JOINT BASE LEWIS-McCHORD, Wash. – Dozens of explosive ordnance disposal service members converged upon Joint Base Lewis McChord, April 16 – 17, to help prepare their colleagues for an upcoming deployment to Afghanistan.
The culminating training event tested the skills and abilities of 3rd Ordnance Battalion (EOD) soldiers and their ability to work seamlessly with their Navy counterparts once they assume the role of Combined Task Force Paladin – South in Afghanistan later this year.
“This is the team we are going to have with us in Afghanistan and we get to see their faces, and meet with our counterparts. We are building relationships that are going to be extremely beneficial when we get downrange,” said Lt. Col. Frank Davis, 3rd Ord. Bn. (EOD) commander. “This training takes away a lot of the unknowns; without this exercise the first time I would meet any of our counterparts would be on an airfield in Kandahar.”
In addition to gathering personnel who will soon assume the role of Combined Joint Task Force Paladin – the deployed joint task force responsible for counter improvised explosive device missions, explosive ordnance disposal missions, tactical site exploitation, weapons technical intelligence, forensics, and counter-IED training – the exercise also brought together service members who previously served as TF Paladin in Afghanistan and civilian experts.
“Our goal is to come in and try to assimilate with the rest of the joint audience that is there because obviously the major component of our staff is Navy, but we’ll be falling in under a larger contingent of personnel from other services,” said Navy EOD officer and a member of Task Force Paladin Cmdr. Daniel Rahn. “So, we want to consolidate as a team and carry out the duties that are assigned to us.”
The participants and trainers set up a number of cells within the JBLM Mission Command Training Capability building. These computer-packed rooms simulated command centers and headquarters downrange. The cells buzzed with activity throughout the exercise as uniformed personnel, contractors, and Department of Defense civilian employees cycled through hundreds of scenarios and problems ranging from the extraordinarily technical to the seemingly mundane.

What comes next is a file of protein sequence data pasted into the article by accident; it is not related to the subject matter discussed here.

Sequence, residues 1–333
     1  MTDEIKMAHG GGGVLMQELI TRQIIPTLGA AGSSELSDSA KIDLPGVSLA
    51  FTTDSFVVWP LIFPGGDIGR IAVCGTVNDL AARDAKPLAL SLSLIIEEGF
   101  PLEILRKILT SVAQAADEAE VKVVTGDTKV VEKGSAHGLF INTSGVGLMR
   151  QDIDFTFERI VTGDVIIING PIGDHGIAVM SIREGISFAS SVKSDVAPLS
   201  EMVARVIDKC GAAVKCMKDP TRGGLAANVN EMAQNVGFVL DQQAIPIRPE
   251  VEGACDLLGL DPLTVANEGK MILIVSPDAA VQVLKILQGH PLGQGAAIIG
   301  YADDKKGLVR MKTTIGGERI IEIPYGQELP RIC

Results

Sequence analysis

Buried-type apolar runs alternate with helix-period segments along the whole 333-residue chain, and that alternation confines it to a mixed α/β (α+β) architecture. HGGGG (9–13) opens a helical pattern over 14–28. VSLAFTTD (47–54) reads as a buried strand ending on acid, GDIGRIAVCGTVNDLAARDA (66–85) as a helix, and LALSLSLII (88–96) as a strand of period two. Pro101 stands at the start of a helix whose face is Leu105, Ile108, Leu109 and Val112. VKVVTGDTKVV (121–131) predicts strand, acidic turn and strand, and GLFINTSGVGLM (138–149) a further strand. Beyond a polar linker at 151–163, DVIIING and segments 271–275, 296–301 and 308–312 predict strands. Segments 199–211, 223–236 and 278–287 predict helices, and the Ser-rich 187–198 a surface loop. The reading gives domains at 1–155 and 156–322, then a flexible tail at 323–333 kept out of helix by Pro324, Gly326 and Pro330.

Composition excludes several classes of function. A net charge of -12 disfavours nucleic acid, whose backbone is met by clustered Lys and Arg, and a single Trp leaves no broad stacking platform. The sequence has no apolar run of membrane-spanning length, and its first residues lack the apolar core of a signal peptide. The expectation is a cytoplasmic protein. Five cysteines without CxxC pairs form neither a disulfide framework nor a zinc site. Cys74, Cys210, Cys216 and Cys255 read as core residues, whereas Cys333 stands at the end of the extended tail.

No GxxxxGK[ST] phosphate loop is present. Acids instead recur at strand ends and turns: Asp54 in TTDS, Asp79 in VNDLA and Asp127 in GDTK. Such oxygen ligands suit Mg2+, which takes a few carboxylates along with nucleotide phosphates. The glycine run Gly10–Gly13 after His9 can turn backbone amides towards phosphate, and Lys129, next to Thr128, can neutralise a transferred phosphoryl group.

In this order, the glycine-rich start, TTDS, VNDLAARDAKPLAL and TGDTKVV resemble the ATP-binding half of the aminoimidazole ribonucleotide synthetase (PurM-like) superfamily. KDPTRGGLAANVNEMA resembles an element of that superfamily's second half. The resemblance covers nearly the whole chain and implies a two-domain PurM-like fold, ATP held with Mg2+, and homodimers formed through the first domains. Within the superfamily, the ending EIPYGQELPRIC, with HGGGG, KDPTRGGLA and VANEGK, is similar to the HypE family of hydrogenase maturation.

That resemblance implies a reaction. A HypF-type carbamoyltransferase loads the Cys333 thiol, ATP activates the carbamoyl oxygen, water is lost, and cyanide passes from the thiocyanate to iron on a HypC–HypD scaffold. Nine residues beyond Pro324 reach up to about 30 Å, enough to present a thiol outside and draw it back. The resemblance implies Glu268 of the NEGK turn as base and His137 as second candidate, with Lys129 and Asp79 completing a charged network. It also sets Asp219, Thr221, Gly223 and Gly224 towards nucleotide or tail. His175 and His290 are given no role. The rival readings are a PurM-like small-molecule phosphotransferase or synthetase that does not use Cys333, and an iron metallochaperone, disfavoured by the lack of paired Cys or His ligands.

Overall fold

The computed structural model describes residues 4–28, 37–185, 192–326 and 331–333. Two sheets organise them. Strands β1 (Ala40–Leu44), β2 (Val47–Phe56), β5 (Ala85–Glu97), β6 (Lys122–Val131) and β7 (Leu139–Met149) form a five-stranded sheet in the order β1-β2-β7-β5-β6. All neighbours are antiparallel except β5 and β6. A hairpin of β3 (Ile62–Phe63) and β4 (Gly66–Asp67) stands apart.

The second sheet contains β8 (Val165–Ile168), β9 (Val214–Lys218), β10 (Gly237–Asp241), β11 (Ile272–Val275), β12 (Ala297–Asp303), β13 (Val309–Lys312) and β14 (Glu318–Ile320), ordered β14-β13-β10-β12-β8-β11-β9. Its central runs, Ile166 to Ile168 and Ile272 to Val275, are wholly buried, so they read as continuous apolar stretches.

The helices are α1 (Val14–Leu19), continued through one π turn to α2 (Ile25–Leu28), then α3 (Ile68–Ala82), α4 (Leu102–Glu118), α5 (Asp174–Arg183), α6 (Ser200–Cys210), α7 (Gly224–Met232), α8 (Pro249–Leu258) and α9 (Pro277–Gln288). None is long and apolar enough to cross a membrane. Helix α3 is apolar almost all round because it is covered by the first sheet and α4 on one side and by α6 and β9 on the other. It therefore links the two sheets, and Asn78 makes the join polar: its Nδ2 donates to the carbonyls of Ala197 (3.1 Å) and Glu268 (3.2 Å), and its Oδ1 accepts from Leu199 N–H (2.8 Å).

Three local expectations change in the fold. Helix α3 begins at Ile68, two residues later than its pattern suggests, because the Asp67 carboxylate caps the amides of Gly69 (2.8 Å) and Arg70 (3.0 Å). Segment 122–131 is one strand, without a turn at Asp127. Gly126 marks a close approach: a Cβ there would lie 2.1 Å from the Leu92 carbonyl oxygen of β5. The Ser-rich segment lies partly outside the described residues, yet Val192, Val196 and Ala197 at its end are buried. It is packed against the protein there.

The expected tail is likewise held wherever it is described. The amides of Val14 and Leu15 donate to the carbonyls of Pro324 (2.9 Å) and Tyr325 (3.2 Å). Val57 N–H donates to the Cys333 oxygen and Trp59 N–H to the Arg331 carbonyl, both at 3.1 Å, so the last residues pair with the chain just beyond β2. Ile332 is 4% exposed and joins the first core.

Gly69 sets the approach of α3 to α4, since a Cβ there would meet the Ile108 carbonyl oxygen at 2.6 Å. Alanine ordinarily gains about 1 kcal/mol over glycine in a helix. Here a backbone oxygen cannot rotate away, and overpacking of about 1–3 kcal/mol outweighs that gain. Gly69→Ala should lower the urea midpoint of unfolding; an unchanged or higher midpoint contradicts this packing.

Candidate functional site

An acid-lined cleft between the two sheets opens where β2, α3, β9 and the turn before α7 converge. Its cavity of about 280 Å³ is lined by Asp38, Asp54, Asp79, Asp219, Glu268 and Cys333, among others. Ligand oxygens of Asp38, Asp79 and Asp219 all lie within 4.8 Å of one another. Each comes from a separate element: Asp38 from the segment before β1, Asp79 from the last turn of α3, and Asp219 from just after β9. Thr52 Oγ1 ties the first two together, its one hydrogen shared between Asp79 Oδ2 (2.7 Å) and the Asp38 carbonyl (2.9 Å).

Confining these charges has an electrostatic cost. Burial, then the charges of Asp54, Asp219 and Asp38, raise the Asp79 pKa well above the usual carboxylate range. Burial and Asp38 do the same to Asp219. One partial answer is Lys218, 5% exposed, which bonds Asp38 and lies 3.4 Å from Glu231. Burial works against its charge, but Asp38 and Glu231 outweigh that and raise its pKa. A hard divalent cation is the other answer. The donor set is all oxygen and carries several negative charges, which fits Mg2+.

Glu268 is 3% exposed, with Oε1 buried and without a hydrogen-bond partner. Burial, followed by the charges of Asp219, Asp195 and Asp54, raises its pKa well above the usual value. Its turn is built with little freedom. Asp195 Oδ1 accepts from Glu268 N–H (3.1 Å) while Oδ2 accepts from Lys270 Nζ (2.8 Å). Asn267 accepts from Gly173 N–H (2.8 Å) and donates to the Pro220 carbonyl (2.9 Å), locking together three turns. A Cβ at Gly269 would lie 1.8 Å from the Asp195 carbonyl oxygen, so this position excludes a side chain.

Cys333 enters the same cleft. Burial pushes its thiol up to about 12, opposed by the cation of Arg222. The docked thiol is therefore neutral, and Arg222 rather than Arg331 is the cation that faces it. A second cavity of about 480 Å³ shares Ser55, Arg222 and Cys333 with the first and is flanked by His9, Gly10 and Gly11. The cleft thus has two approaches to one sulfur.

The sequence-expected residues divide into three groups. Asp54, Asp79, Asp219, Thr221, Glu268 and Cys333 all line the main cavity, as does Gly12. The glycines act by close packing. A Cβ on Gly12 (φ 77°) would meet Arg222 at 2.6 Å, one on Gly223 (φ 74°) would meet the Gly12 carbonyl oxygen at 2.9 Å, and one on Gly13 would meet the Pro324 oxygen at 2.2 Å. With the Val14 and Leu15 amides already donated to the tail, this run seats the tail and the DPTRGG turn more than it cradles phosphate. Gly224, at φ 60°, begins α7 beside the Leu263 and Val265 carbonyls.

The wealth and breadth of knowledge and experience on hand to provide critical insights and guidance proved to be invaluable for the soldiers of the 3rd Ord. Bn., according to Davis.
“One of our main objectives for this training was to integrate with what will be our higher headquarters, and to get a better understanding of our enabling partners,” Davis explained.
Another one of the main goals of the CTE was to prepare the EOD troops for their increased role in training efforts for Afghan EOD personnel, and to continue to build on the partnerships forged over the past 10 years. To this end, the battalion simulated engagements and exchanges with key Afghan allies and local leaders they may encounter during their deployment.
“We expect to remain busy on this deployment as the threat isn’t going to go away necessarily and as we transition to the Afghan forces and their control, we expect to remain busy training them to continue to carry out the mission,” Rahn said.
In addition to the highly-specialized EOD missions and tasks, the “Nighthawks” of the 3rd Ord. Bn. (EOD) had to work through detailed administrative issues they will surely see during their time in Afghanistan.
“We were also exposed to how the Navy processes their officer fitness reports compared with our Army officer evaluation reports,” Davis said. “I think the level of detail in the scenarios was impressive.”
Ten years of deployments downrange has helped the process become much smoother, Davis explained.
“EOD is truly a joint service. We all attend school together and the ability to integrate into the joint task force has become seamless. We are getting better at this,” Davis said. “We are better equipped and better trained now. The enemy’s actions have driven us to evolve in many ways.”
Working smoothly together both during the exercise and while deployed will help to achieve the ultimate goal of EOD forces, according to EOD Chief Petty Officer Jeff Spengler.
“The key is to keep the people safe,” Spengler said. “Our overall mission is to maintain the safety of not only our coalition partners, but the indigenous people as well.”
The professionalism and proficiency of the soldiers of the 3rd Ord. Bn. (EOD) was on display throughout the exercise, said Command Sgt. Maj. Patric Standley.
“It is clear to me that the staff is ready,” Standley, who recently reported to the unit from U.S. Army Training and Doctrine Command, said. “I think I have learned the most out of anyone. With my fairly new eyes just arriving from TRADOC, I found this to be an invaluable experience.”
(Editor’s note: Petty Officer Lawrence Davis contributed to this report)